Author(s): Cristino L, Luongo L, Squillace M, Paolone G, Mango D, , Cristino L, Luongo L, Squillace M, Paolone G, Mango D,
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Abstract We have investigated the relevance of d-aspartate oxidase, the only enzyme known to selectively degrade d-aspartate (d-Asp), in modulating glutamatergic system homeostasis. Interestingly, the lack of the Ddo gene, by raising d-Asp content, induces a substantial increase in extracellular glutamate (Glu) levels in Ddo-mutant brains. Consistent with an exaggerated and persistent N-methyl-d-aspartate receptor (NMDAR) stimulation, we documented in Ddo knockouts severe age-dependent structural and functional alterations mirrored by expression of active caspases 3 and 7 along with appearance of dystrophic microglia and reactive astrocytes. In addition, prolonged elevation of d-Asp triggered in mutants alterations of NMDAR-dependent synaptic plasticity associated to reduction of hippocampal GluN1 and GluN2B subunits selectively located at synaptic sites and to increase in the α-amino-3-hydroxy-5-methyl-4-isoxazolepropionic acid-to-N-methyl-d-aspartate ratio. These effects, all of which converged on a progressive hyporesponsiveness at NMDAR sites, functionally resulted in a greater vulnerability to phencyclidine-induced prepulse inhibition deficits in mutants. In conclusion, our results indicate that d-aspartate oxidase, by strictly regulating d-Asp levels, impacts on the homeostasis of glutamatergic system, thus preventing accelerated neurodegenerative processes. Copyright © 2015 Elsevier Inc. All rights reserved.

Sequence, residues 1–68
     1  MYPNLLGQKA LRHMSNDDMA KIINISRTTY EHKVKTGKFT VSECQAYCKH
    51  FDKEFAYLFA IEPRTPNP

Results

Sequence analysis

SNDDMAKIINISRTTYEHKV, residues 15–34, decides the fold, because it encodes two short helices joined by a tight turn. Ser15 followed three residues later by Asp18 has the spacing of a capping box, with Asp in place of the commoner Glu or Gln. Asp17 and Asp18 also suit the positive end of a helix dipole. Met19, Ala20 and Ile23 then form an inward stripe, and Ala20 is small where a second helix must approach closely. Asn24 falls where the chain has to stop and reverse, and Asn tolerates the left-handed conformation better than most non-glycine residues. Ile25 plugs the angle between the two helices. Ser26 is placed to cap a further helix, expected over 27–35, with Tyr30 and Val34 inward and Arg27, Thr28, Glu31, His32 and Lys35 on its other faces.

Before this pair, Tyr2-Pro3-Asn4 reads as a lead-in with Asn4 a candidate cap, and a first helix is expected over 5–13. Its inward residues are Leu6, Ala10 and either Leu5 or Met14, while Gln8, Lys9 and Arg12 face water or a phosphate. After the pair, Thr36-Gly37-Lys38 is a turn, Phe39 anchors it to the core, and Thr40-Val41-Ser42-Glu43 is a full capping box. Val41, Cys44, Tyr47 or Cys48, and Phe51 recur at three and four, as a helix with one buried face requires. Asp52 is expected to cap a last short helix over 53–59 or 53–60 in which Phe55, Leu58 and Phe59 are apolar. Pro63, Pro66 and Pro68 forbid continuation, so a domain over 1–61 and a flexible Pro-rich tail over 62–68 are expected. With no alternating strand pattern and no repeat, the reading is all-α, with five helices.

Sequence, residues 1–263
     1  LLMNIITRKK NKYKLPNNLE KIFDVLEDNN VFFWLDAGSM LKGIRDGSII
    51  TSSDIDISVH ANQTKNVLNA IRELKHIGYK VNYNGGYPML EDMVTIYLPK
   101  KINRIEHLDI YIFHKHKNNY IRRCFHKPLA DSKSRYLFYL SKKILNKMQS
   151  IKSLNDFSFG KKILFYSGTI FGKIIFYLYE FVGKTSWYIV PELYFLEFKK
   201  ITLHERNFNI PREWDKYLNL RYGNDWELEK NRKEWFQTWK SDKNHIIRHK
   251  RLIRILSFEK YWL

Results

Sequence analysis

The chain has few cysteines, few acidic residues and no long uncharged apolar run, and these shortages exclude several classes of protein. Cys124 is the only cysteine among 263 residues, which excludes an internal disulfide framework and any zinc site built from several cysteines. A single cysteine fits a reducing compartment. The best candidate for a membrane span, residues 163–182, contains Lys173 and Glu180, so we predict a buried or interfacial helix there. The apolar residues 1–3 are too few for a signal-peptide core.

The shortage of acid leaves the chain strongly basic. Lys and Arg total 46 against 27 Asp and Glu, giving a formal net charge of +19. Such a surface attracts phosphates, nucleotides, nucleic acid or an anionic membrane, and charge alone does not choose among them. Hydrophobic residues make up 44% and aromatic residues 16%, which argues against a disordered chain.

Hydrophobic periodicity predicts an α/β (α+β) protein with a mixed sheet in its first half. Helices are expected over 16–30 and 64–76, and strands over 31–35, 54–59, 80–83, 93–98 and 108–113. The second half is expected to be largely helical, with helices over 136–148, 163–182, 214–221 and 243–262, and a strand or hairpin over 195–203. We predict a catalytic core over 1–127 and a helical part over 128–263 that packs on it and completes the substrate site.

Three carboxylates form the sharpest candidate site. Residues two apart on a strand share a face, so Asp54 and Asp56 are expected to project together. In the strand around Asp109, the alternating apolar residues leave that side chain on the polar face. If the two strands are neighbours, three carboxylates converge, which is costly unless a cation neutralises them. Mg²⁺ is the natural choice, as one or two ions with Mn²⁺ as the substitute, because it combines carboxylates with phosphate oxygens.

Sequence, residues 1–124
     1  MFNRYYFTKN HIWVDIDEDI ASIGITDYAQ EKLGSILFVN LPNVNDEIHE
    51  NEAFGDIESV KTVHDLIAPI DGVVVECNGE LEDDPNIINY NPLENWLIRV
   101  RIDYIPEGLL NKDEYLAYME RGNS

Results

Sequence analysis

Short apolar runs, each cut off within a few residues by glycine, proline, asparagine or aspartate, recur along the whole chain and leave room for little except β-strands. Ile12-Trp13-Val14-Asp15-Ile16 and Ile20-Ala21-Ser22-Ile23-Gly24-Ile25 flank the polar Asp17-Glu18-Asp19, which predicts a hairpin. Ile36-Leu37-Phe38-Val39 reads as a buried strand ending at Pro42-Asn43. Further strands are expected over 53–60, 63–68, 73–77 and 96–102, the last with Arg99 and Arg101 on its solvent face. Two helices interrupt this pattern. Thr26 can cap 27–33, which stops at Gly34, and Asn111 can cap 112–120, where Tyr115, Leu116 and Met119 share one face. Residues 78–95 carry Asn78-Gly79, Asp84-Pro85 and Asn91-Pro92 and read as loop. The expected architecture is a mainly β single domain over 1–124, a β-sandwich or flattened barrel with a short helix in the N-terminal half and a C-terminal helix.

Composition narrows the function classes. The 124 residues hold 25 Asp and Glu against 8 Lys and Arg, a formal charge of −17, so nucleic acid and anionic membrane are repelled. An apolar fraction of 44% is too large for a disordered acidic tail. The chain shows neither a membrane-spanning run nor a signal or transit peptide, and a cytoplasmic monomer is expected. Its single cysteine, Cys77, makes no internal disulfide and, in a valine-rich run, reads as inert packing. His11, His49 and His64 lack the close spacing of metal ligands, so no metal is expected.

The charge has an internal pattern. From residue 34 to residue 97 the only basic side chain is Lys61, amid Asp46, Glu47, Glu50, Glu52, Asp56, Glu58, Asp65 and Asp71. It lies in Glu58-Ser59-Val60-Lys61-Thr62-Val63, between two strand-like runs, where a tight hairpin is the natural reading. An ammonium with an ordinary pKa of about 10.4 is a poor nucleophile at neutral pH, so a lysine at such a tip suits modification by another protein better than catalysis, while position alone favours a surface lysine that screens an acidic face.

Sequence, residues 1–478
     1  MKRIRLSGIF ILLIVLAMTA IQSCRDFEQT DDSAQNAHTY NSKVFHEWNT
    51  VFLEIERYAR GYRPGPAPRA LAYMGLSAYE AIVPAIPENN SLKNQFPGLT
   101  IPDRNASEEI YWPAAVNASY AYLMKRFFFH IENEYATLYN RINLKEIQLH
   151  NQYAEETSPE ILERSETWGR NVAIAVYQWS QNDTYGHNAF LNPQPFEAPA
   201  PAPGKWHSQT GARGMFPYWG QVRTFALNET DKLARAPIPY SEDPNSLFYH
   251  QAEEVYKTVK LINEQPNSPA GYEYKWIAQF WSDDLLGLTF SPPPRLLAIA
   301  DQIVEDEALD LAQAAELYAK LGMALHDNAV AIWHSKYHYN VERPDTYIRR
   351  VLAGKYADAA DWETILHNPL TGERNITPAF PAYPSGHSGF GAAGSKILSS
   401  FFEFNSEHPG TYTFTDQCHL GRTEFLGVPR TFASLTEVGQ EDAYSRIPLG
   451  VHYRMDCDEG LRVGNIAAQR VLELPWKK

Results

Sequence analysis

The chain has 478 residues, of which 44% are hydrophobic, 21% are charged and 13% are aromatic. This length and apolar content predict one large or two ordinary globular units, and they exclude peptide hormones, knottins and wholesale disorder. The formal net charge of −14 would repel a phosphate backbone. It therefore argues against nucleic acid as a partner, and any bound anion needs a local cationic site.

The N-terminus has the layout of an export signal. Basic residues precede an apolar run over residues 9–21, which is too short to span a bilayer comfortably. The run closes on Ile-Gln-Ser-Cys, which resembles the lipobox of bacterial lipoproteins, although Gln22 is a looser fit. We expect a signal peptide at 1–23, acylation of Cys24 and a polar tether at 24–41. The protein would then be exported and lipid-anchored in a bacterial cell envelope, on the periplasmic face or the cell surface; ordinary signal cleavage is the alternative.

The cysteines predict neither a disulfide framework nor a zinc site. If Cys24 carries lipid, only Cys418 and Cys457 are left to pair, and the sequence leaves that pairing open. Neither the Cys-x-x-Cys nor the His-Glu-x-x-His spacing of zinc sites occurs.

This article was published in Neurobiol Aging
and referenced in Journal of Alzheimers Disease & Parkinsonism